We do die. Grief is real, and it’s the planet I’ve lived on since my soulmate Robert ‘died’ last March. And UGH! – that first anniversary is creeping in. I’m the first one to say I feel every experience deeply too, and I squeeze meaning out of the very last drop. But, I’m not so dramatic that this heart-rending journey has been of my own making, or for my own earthly experience and soul stretching. Gayle’s experience too. Wow.
    While your loving words are very comforting – eventually – it’s not as simple for me right now as ‘going into another room’… Loss of a loved one can be the most difficult experience we face. Some never recover. Knowing our loved ones live on, transitioned from incarnate to spirit is truthful and healing – in time.
    Facing, feeling, and finding meaning in our living in [and living out] our identity after a death is an amazing opportunity for relationship with the Divine realms… Maybe this is for another blog? I put an intention of positive love light on this comment, and wonder…
    Can we redefine death? …as a very real parting, sometimes a traumatic tearing, sometimes a peaceful sending, but a meaning-full parting indeed.
    In love, maggie

    • Lisa says:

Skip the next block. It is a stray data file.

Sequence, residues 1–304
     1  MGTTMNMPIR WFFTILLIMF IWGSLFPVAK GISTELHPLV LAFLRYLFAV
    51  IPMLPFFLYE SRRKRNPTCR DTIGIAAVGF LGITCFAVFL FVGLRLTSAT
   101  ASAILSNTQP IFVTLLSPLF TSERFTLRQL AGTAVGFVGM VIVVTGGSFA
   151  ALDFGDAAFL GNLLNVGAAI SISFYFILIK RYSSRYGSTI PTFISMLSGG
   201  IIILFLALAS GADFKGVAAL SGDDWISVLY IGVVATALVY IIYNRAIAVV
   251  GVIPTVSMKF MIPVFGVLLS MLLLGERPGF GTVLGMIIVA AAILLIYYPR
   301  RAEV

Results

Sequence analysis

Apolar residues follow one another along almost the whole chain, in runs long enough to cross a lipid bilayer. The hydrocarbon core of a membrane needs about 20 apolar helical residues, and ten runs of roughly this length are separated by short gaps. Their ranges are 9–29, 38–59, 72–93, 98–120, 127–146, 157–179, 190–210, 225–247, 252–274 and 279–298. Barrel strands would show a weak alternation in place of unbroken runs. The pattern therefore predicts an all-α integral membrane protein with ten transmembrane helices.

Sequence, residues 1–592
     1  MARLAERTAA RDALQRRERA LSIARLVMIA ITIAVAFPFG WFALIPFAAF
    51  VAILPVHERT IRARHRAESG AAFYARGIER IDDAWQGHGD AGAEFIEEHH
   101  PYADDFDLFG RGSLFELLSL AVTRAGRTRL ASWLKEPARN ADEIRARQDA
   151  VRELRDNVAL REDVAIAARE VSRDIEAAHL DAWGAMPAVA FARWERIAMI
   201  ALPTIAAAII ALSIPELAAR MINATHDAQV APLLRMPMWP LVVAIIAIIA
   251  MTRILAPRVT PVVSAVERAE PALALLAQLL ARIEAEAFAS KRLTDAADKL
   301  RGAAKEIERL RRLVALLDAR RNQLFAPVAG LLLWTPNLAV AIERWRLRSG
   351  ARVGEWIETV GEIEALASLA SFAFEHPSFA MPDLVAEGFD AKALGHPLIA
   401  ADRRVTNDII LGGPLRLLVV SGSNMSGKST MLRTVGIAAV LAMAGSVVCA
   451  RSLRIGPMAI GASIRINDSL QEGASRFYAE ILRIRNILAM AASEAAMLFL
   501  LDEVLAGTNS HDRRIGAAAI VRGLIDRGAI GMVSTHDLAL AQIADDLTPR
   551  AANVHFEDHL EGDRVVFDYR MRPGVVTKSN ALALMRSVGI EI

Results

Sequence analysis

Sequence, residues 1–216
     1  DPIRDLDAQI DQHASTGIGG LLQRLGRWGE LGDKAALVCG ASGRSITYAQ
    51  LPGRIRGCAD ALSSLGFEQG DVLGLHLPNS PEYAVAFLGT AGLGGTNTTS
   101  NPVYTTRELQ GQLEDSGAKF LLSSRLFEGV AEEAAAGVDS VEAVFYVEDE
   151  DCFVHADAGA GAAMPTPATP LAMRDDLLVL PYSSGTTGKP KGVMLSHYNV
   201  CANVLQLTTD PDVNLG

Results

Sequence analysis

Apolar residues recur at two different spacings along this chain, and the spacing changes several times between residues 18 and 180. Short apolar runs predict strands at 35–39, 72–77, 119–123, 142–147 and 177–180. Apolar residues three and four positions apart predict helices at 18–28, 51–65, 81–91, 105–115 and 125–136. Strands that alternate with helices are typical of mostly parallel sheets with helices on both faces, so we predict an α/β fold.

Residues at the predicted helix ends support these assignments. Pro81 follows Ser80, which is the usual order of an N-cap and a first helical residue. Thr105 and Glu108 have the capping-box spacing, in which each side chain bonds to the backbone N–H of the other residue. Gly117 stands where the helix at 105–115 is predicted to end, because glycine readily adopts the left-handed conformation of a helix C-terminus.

I agree, Maggie. It’s Transformation, for us and them.

      I guess I mean by “we never die” that it is not an end with nothing after. It’s a new life, transformed, changed… for them and us. That’s not to say it’s joyful or positive. If my husband or daughter died I would be flat out for who knows how long… and I’d be Ok with that. I think you are moving through and on with such Grace and Love. He must be proud.

      I love “Facing, feeling, and finding meaning in our living in [and living out] our identity after a death is an amazing opportunity for relationship with the Divine realms…”

      Thank you. <3

      • maggie kribs says:

        thanks Lisa. I believe he is proud of me. 🙂
        just pushing back so we don’t minimize that empty space… for everyone who’s grief is bigger than their ability [or desire] to breathe… Love, m

  4. Nancy says:

    Hi Lisa!
    God calms me down. Also teaching three children’s Yoga classes back to back to back. AHHHH
    I Love reading your Blog. Thanks for brightening my day!
    Love and Peace,
    Nancy Bradley

Leave a Reply

Your email address will not be published. Required fields are marked *